I had been working in a well reputed software firm in a very good position from 2005 without any major issues. Everything was cool and I enjoyed being there. I loved what I had been doing. However things started changing for me from 2011 end, when for the first time I felt I was not a good fit. I tried to switch my job responsibilities with in same organization but that didn’t help that much in the long run but still managed to spend some more time there. It was in April 2014 when this decision of parting ways after 8+ years was taken.

It was certainly not an easy one. Both on professional and personal level but sometime one has to step up and do something.

PivotalSigns is born!


After leaving, I had two options: Look for a job, which would offer job security, a continuous stream of income and such but I may face the same situation as I had in previous organization after sometime.

I discussed with my friends who are already doing their businesses (most of my friends are doing their own business :)). They encouraged me to try on my own before heading for job hunting. I will especially mention Aamir Ansari of Think Enabled, Fawad Moon of DevEnhanced, Khurram Zafar and Shah Khalid apart from many others who helped me in taking and finalizing this decision.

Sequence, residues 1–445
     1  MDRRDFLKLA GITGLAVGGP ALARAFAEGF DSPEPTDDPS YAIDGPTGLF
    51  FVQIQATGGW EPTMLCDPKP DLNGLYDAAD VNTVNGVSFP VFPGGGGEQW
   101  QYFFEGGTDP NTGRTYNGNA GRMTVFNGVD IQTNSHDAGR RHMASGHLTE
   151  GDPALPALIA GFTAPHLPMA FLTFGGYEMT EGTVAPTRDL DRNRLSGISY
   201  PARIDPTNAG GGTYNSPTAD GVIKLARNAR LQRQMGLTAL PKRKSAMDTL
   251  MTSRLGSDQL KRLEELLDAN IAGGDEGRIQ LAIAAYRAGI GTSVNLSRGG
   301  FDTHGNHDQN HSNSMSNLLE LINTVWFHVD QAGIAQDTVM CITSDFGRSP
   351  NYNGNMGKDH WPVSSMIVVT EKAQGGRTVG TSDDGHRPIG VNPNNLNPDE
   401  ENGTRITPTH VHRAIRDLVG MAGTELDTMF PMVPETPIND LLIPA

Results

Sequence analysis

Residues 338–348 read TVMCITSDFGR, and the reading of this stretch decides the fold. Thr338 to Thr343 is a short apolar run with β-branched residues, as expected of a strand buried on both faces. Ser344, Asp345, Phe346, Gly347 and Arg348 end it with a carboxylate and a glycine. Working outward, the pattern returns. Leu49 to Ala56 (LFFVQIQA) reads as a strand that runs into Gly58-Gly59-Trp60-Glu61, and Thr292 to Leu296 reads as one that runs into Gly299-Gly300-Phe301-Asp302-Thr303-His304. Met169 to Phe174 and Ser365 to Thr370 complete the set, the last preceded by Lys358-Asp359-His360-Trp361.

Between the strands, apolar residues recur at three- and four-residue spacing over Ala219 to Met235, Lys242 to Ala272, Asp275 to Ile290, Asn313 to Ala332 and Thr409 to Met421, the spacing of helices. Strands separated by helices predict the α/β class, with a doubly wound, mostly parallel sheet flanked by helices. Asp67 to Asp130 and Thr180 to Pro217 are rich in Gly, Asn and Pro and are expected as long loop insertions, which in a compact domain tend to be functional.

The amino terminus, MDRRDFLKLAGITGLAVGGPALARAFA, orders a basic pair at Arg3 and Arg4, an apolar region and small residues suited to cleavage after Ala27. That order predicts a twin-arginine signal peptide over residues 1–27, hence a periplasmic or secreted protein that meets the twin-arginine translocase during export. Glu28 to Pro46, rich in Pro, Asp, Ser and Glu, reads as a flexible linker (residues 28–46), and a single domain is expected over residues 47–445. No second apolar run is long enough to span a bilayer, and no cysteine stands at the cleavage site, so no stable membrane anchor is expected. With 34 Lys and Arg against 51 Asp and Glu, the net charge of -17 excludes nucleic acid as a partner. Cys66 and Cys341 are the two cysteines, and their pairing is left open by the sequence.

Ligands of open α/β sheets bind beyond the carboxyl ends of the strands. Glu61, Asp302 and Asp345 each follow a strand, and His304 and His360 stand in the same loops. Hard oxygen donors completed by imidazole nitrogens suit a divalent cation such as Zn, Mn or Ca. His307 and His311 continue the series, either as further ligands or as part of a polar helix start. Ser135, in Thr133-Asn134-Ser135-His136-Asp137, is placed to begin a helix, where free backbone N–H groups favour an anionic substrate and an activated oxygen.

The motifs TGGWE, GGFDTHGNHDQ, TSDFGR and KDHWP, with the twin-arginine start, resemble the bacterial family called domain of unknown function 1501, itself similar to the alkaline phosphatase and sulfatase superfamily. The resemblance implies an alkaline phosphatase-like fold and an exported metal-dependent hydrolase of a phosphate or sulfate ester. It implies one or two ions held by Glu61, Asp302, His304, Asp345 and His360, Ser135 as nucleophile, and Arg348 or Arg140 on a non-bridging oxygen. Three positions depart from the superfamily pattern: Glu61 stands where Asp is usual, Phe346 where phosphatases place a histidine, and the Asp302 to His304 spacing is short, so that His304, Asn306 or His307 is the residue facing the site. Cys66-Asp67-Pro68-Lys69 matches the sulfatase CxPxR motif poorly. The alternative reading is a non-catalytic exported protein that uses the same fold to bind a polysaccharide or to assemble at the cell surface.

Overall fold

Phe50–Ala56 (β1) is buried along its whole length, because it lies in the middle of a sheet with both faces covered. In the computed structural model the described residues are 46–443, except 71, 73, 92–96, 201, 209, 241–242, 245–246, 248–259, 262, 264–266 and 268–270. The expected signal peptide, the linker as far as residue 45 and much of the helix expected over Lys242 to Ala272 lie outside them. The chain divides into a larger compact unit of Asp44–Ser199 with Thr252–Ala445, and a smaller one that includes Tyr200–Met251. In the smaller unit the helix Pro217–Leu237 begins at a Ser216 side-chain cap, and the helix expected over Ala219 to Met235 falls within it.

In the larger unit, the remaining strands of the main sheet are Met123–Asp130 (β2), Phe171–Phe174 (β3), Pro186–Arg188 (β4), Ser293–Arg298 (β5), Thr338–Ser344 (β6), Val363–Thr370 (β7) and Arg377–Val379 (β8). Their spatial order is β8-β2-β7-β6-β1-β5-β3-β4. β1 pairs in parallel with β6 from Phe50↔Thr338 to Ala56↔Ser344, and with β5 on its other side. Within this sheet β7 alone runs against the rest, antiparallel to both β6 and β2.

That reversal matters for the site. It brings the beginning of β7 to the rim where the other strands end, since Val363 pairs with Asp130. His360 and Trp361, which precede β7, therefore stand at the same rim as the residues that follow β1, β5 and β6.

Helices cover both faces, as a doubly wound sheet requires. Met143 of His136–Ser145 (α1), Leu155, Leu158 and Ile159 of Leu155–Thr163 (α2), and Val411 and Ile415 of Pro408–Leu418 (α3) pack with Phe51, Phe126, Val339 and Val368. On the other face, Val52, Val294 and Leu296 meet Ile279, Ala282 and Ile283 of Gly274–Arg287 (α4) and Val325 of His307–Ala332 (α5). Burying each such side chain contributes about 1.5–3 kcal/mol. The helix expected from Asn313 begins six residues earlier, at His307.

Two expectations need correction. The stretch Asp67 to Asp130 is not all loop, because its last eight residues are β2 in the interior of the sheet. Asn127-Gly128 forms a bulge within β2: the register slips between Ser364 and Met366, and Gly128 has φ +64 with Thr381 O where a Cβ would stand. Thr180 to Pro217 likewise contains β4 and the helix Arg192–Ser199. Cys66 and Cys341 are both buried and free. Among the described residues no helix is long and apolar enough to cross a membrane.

I acknowledge it was not an easy decision but it was something like now or never. So in May 2014 PivotalSigns was launched.

From the beginning when PivotalSigns was launched, we had decided that it will not be a merely outsourcing company, instead we will look forward for partnerships that last.

We are working on our own product ideas and working with clients to bring life to their ideas. Our core values are to provide quality services, work hard and remain honest with clients and customers throughout the project / product life style.

Going forward, I will try to share my experiences and learning on this journey.

AWS Volume Snapshot Automation

I am working on a small backup automation script for AWS (Amazon Web Services). Previously, I wrote this script shared on Github Gist here to take a snapshot of a specific volume for one user which is already being used in production.

Now I am thinking to add the following to this script:

  • Add support in script to be used by multiple AWS accounts in different regions.
  • Remove older snapshots and keep only the latest 3 copies for so.

I will share this script as a separate project on Github once complete.